Nbs Offers Glimpse Of "this College Life" With Florala Podcast Series
Apr. 23, 2015
Michelle Eubanks, UNA, at email@example.com, 256.765.4392 or 256.606.2033
Bryan Rachal, Public Affairs and Media Relations
FLORENCE, Ala. - Social media dos and don'ts, Spring break, dating, and the list of topics goes on and on. Those are just a few of the subjects that have been covered on "This College Life," a podcast produced by the University of North Alabama's National Broadcasting Society- (NBS) chapter, Alpha Epsilon Rho. The weekly podcasts, which are student-produced, are accessible via the Florala's web site, thanks to a partnership between NBS and the student newspaper.
However, the podcasts weren't always podcasts, the original idea actually started out as a morning show called "Good Day UNA." Kelsey Rae White, president of UNA's NBS chapter, said the show was a neat idea, but they didn't have the manpower to pull it off this semester. "So the NBS chapter got together, and we were like, you know, we should make a podcast out of this."
White said they spoke with some members of the Florala who mentioned that they could post the podcasts in their multimedia section of the Florala online. Erin McAllister, vice president of UNA's NBS chapter, said that their idea also happened to coincide with the mission of NBS.
"Our initial projects had been focused more on video and web publishing and we hadn't really done a lot of audio, so we wanted to bring that to the table more this year, so this idea really worked out," said McAllister.
So where do the topics come from? White said they try to tailor the show around college issues. "If we have things that are specific to UNA that are happening right then, then that's what we'll talk about, but we also cover things that are happening at colleges around the nation," she said. "We try to do some research," McAllister said, "and see what college kids are talking about and see what's going on in this college world right now. We also cover general objective topics that all college kids can relate to."
Even though the podcast is supposed to be relatable for students, Dr. Pat Sanders, assistant professor of Radio, TV, Interactive Media and Journalism at UNA and the faculty advisor for UNA's NBS chapter, said she expects the students to follow journalistic standards.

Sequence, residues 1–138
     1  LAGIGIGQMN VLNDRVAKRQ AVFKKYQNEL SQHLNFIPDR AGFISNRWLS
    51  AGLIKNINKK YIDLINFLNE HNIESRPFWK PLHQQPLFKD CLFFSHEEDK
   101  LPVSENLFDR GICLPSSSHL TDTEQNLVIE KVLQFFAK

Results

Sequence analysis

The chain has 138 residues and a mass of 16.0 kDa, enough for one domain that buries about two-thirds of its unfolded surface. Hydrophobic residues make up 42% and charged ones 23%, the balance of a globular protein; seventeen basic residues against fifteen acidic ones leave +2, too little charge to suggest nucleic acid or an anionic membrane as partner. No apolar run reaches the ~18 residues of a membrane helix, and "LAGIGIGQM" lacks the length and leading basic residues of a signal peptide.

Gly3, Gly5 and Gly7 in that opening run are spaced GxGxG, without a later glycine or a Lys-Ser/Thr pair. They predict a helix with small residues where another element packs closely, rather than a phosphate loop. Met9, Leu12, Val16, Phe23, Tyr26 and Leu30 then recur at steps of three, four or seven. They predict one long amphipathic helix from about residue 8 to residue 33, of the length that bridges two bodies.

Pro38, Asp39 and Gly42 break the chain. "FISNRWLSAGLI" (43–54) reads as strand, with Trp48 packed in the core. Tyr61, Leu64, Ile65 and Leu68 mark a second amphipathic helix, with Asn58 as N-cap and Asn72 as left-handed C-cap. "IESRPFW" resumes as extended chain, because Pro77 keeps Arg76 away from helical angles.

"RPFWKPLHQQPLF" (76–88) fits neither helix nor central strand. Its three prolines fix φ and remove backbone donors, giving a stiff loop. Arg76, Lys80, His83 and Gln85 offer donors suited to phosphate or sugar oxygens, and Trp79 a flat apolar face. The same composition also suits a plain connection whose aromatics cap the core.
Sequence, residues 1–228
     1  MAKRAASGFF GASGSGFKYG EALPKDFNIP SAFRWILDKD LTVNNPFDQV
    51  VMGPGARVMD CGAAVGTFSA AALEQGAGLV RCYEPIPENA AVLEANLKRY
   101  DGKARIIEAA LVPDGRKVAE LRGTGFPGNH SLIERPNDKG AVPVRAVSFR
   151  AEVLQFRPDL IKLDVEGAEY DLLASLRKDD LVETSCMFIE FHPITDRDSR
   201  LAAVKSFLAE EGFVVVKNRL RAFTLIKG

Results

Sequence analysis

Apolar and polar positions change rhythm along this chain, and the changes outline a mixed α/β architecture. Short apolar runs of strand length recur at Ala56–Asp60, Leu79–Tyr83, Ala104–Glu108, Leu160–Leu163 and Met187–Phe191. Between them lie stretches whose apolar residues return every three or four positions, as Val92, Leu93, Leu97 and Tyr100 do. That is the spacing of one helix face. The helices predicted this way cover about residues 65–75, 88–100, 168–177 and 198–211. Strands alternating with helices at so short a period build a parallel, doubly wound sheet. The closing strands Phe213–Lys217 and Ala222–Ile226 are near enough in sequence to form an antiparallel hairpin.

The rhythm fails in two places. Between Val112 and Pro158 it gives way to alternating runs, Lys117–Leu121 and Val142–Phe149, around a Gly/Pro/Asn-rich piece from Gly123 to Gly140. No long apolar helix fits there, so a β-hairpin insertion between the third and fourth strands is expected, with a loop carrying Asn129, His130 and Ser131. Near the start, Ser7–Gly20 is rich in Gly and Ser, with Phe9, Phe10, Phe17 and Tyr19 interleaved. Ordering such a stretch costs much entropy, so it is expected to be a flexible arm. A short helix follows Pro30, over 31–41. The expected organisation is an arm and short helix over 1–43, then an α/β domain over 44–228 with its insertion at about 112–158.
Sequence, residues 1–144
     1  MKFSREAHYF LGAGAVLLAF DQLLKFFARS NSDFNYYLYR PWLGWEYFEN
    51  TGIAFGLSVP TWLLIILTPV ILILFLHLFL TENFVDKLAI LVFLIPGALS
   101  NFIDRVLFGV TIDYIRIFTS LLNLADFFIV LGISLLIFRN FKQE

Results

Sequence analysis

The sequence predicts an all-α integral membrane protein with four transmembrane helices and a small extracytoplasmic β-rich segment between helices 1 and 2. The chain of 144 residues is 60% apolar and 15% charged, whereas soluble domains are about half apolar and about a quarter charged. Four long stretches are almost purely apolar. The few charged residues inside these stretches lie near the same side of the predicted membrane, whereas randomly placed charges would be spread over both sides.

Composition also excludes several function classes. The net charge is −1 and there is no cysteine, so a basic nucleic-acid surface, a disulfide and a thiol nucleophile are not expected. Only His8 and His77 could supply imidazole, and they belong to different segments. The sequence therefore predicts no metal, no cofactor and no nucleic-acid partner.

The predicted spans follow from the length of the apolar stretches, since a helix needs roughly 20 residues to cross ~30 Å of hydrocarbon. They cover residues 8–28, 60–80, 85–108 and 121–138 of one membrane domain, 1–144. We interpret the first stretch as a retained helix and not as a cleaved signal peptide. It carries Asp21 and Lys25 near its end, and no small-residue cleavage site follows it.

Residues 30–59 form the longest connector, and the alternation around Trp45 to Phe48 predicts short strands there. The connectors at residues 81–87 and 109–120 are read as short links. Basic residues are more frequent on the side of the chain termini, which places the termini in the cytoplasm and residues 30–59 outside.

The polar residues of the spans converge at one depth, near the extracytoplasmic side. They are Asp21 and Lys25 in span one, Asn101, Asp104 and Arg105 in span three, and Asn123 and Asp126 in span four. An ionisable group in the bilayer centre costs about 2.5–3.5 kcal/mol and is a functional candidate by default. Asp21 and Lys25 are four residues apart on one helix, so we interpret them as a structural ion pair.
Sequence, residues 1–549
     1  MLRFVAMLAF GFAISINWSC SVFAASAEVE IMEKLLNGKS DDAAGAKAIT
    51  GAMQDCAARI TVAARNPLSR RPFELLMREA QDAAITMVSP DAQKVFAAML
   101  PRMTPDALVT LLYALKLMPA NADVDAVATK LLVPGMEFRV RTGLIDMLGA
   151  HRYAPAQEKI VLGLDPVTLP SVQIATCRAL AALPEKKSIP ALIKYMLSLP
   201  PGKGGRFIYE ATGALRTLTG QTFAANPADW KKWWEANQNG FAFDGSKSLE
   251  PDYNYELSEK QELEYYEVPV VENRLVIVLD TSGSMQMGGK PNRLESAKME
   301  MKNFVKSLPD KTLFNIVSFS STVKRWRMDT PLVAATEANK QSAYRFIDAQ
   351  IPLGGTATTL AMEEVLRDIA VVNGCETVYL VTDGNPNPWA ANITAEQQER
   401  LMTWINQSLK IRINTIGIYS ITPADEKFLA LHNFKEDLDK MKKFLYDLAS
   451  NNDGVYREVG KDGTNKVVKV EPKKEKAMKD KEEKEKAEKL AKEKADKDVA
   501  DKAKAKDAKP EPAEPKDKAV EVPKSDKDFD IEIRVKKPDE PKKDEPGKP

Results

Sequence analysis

"Normally when you're dealing with communications and something that has to deal with TV, radio and even digital media, you're doing one of three things or sometimes combining them: informing, educating or entertaining. The podcasts are doing all of that," Sanders said. "The seriousness of it is this, yes, sometimes you can do spoofs if you want, but you let people know that. If it was coming from a strict journalistic style they would have to be factual. And if they're doing something in the podcasts that deals with something of a serious nature, they still need to be factual," she said.
Sanders said that the current podcast series will end with the semester, but she hopes that it will pick back up in the fall. She said the students enjoy the process and they're meeting deadlines, which is imperative in the business. "They learn that if something is due on the website, or aired or published, whatever the platform is, you meet the deadline."
Sanders said that even though they don't get a grade and it's outside of class, this is something students can put on their demo tapes and it might just help them get a job.
For the time being, White and McAllister, and the other students involved are enjoying their 15 minutes of fame, so to speak. "I've actually had people come up and say I recognize your voice from "This College Life," McAllister said.
White said she's had people tell her she's funny, down to earth and sarcastic. There's also talk about possibly adding a video camera to the mix at some point so people can see them as well as hear them; however, that will be decided by different members of NBS since White and McAllister will be graduating in May.
In order to be involved with "This College Life," students have to be members of the National Broadcast Society, but any student is welcome to join that club. McAllister said the podcasts are a great way to broaden horizons.
"Even if you're not a Communications student, it's just testing out the waters in a different area. I think everyone needs to be a jack of all trades in today's world," she said.
White said, quite simply, people need to be able to communicate. "'I think we need more communication around the campus, and some people are more reserved about going out. So with podcasts, you're in there and you can say what you want. It's like someone's diary, and you can tell the campus what you really want them to know."
To listen to "This College Life "click on http://www.florala.net/ and scroll to the media player at the bottom of the page.
UNIVERSITY OF NORTH ALABAMA
The University of North Alabama is an accredited, comprehensive regional state university offering undergraduate and graduate degree programs through the colleges of Arts and Sciences, Business, Education and Human Sciences, and Nursing. Occupying a 130-acre campus in a residential section of Florence, Alabama, UNA is located within a four-city area that also includes Tuscumbia, Sheffield and Muscle Shoals. UNA also operates a renowned collegiate athletic program in NCAA Division II's Gulf South Conference. The University of North Alabama is an equal opportunity institution and does not discriminate in the admission policy on the basis of race, color, sex, religion, disability, age or national origin.